How to Deep Copy an Array in JavaScript

Jun 23, 2021

When you copy an object in JavaScript, you can either create a deep copy or a shallow copy. The benefit of a deep copy is that it copies nested objects, so you can modify the cloned array without affecting the original array. The only problem is that you either need a library like Lodash, or will need to use a combination of JSON.stringify() and JSON.parse().


Lodash's cloneDeep(value) function will deep copy the array for you.

const objects = [{ 'a': 1 }, { 'b': 2 }];

const deep = _.cloneDeep(objects);
deep[0] === objects[0]; // returns false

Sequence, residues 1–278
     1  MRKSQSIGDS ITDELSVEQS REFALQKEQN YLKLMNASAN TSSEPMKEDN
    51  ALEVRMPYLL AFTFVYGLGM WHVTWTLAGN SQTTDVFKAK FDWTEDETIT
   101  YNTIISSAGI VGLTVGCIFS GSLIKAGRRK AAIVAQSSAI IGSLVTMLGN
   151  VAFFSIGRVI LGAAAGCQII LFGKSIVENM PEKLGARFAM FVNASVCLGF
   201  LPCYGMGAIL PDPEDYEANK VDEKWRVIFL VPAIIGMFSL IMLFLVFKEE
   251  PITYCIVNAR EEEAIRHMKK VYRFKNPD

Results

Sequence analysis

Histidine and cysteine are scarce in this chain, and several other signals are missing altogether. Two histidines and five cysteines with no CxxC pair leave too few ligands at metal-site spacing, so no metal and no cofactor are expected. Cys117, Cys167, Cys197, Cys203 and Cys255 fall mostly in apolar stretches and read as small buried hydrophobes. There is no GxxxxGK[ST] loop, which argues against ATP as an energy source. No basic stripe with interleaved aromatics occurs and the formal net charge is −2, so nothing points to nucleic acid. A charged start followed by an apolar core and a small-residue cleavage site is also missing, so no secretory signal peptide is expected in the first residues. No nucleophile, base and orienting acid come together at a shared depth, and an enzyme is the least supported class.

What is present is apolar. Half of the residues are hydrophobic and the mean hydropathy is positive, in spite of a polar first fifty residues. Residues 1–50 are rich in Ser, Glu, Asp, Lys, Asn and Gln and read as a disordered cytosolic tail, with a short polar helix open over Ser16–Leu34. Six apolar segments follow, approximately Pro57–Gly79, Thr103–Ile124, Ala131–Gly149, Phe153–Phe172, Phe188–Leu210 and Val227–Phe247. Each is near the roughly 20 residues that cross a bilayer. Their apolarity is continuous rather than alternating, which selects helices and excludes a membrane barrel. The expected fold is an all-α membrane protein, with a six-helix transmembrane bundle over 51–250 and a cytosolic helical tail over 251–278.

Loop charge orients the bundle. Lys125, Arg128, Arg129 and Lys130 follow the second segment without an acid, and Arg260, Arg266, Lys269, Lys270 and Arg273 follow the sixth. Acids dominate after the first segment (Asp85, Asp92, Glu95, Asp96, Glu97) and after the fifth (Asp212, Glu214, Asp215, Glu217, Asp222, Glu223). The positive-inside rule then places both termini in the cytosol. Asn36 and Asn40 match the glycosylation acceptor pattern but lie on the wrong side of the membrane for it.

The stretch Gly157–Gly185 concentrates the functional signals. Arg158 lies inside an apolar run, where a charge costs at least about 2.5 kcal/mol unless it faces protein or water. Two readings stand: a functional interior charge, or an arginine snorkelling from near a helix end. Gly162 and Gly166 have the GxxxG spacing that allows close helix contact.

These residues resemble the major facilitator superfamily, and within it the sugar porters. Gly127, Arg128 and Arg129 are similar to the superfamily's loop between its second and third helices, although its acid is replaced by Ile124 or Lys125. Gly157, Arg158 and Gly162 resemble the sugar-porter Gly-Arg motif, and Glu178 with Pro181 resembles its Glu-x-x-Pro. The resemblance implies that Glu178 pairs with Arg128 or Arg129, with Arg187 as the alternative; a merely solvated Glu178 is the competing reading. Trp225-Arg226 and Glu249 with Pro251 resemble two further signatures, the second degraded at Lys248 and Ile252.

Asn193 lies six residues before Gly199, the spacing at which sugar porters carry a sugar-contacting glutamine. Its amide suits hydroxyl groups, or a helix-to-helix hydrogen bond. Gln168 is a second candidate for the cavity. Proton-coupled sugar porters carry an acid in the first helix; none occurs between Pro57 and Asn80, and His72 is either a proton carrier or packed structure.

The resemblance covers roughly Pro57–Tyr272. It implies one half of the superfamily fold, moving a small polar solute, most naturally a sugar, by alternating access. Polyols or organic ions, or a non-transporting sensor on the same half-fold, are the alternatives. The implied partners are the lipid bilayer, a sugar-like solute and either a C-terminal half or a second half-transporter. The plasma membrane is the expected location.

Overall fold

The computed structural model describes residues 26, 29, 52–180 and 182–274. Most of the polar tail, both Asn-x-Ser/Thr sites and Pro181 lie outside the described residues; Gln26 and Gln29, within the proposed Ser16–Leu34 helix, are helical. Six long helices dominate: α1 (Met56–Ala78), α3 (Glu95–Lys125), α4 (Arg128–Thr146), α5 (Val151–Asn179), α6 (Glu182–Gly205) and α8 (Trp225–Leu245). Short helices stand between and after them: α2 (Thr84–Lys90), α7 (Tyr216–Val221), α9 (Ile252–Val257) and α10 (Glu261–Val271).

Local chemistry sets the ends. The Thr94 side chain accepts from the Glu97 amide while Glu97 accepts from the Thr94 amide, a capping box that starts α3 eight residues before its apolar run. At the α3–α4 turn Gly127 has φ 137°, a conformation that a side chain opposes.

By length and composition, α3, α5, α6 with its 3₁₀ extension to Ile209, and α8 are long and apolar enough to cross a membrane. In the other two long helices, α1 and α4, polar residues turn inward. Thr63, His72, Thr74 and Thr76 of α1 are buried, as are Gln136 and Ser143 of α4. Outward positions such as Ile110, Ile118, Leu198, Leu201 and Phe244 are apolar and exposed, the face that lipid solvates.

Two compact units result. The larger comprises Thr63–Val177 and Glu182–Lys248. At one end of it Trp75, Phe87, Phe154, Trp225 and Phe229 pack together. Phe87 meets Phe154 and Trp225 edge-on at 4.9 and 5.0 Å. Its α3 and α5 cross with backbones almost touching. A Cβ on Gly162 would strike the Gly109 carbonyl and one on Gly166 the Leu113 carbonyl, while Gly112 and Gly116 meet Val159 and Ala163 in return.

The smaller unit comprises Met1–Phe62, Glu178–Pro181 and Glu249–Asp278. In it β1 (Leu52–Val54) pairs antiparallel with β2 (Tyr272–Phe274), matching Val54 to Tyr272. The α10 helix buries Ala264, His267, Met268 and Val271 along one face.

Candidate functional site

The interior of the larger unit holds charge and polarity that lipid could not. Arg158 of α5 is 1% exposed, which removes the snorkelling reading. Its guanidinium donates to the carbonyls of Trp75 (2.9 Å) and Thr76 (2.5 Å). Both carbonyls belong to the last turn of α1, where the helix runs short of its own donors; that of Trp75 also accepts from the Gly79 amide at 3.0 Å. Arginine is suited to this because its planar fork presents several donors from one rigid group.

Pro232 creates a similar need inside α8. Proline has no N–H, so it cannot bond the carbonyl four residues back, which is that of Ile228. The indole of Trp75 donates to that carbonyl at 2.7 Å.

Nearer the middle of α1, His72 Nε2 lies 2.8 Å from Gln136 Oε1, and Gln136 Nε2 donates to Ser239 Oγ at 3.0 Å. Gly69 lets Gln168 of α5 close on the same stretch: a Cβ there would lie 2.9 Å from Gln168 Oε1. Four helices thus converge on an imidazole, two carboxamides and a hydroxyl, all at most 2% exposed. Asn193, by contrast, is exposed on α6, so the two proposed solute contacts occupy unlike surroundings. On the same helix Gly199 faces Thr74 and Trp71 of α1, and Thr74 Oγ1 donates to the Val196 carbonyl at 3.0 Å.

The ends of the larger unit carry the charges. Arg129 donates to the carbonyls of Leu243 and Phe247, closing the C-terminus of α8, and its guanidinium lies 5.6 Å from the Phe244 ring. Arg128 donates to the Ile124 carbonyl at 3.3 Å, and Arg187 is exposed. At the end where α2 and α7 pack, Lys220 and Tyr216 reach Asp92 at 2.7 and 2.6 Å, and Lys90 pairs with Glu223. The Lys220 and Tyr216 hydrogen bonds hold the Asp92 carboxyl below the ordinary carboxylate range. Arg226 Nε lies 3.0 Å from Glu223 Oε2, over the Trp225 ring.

deep[0].a = 2;
objects[0].a; // 1, didn't change

Lodash's cloneDeep() does a good job of handling edge cases, like cloning dates:

const objects = [{ createdAt: new Date('2017-06-01') }];

const deep = _.cloneDeep(objects);

deep[0].createdAt === objects[0].createdAt; // false
deep[0].createdAt instanceof Date; // true
objects[0].createdAt instanceof Date; // true

JSON.stringify() and JSON.parse()

This combination of functions does get the job done but is not perfect.

const obj = { name: { first: 'Jean-Luc', last: 'Picard' } };
const copy = JSON.parse(JSON.stringify(obj)); = 'Johnny';; // Jean-Luc

Note: This approach only works on objects containing the following JavaScript primitives:

If the object you want to copy contains a date, for example, it could lead to some problems later on:

const obj = { date: new Date() };
const copy = JSON.parse(JSON.stringify(obj)); instanceof Date; // true Date; // false, date is now a string

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